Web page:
Getting off the death chair
|My stand-up desk|
As bipedal apes, our bodies are meant for walking and running, which may have even been a catalyst for eventually bringing about the means of evolving larger brains.
Physical activity is strongly linked to brain performance. The exercise boosts blood flow in the brain and improves our memory and cognitive function. Exercise acts like a trigger for the brain saying, “It’s time to be alert, find food, survive.” Exercise may even fuel brain power by increasing neurogenesis and also guard against the harmful effects of stress.
Yet now we sit, and sit, and sit. Until the sitting kills us.
This article in the New York Times magazine gives a pretty good description of just what really happens when you sit in that death chair with quotes from Marc Hamilton, an inactivity researcher at the Pennington Biomedical Research Center:
This is your body on chairs: Electrical activity in the muscles drops — “the muscles go as silent as those of a dead horse,” Hamilton says — leading to a cascade of harmful metabolic effects. Your calorie-burning rate immediately plunges to about one per minute, a third of what it would be if you got up and walked. Insulin effectiveness drops within a single day, and the risk of developing Type 2 diabetes rises. So does the risk of being obese. The enzymes responsible for breaking down lipids and triglycerides — for “vacuuming up fat out of the bloodstream,” as Hamilton puts it — plunge, which in turn causes the levels of good (HDL) cholesterol to fall.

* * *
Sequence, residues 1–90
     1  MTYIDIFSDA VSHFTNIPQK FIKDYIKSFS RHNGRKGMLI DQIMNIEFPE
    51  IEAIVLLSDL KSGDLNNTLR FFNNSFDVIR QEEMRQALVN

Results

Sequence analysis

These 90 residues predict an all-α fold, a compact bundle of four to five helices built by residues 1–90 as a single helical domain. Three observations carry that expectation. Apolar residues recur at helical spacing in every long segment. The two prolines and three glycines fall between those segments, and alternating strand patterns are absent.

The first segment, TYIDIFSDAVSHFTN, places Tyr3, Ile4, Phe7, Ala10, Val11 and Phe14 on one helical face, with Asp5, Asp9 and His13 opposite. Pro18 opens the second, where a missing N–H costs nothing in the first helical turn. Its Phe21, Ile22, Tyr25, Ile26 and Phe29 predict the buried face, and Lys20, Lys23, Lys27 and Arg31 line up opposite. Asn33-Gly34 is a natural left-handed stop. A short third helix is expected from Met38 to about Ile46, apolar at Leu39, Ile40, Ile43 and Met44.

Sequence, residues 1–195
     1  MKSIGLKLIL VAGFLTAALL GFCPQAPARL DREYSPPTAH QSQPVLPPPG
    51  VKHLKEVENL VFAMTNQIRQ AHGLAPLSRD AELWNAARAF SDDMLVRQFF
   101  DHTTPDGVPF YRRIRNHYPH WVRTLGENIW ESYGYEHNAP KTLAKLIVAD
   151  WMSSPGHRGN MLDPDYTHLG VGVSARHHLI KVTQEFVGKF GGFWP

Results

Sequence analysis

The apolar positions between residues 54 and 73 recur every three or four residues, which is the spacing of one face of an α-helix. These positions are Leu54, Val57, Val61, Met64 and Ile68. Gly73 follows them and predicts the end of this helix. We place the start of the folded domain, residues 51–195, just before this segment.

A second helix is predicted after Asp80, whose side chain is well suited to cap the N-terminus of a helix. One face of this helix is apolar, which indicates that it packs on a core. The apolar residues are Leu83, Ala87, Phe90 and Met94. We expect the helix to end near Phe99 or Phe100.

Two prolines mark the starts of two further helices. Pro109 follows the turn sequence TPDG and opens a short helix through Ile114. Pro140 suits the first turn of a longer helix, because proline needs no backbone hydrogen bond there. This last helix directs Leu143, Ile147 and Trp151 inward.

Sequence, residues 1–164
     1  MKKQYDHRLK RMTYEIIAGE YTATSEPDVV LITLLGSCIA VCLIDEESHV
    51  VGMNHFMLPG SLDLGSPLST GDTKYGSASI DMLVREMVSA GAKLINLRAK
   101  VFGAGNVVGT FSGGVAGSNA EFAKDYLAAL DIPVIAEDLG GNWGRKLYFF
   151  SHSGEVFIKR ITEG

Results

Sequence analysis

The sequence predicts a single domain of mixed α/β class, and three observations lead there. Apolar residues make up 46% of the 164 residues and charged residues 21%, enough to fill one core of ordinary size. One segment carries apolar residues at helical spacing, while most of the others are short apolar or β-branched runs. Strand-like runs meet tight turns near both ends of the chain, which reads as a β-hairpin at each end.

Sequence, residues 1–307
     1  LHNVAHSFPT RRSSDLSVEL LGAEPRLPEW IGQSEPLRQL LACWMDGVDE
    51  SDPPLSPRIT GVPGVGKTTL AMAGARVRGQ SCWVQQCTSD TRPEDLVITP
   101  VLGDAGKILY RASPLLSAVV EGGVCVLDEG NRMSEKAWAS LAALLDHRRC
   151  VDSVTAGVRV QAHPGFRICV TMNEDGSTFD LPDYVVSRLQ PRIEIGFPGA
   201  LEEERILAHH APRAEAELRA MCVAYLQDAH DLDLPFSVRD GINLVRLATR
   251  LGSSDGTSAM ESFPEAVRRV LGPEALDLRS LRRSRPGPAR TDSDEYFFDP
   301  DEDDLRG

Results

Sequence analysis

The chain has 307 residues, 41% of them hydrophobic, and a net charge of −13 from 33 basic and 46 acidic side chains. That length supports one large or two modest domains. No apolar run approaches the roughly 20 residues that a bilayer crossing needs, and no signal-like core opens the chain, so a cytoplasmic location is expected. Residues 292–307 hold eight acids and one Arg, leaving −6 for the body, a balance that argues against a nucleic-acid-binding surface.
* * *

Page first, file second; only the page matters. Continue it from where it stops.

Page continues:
Isn’t that enough to scare the “sit” out of you? If not, this infographic will do the trick.
Eventually, I expect, I’ll be persuaded to try a treadmill desk.